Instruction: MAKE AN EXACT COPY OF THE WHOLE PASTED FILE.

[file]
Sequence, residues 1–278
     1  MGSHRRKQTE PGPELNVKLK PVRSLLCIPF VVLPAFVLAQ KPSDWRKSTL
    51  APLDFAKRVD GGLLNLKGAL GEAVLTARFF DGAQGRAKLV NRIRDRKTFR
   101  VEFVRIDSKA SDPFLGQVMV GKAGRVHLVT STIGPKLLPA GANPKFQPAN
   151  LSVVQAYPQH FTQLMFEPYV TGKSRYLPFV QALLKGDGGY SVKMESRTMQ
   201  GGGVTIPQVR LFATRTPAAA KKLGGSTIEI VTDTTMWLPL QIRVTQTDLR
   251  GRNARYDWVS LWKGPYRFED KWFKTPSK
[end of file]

Sequence, residues 1–278
     1  MGSHRRKQTE PGPELNVKLK PVRSLLCIPF VVLPAFVLAQ KPSDWRKSTL
    51  APLDFAKRVD GGLLNLKGAL GEAVLTARFF DGAQGRAKLV NRIRDRKTFR
   101  VEFVRIDSKA SDPFLGQVMV GKAGRVHLVT STIGPKLLPA GANPKFQPAN
   151  LSVVQAYPQH FTQLMFEPYV TGKSRYLPFV QALLKGDGGY SVKMESRTMQ
   201  GGGVTIPQVR LFATRTPAAA KKLGGSTIEI VTDTTMWLPL QIRVTQTDLR
   251  GRNARYDWVS LWKGPYRFED KWFKTPSK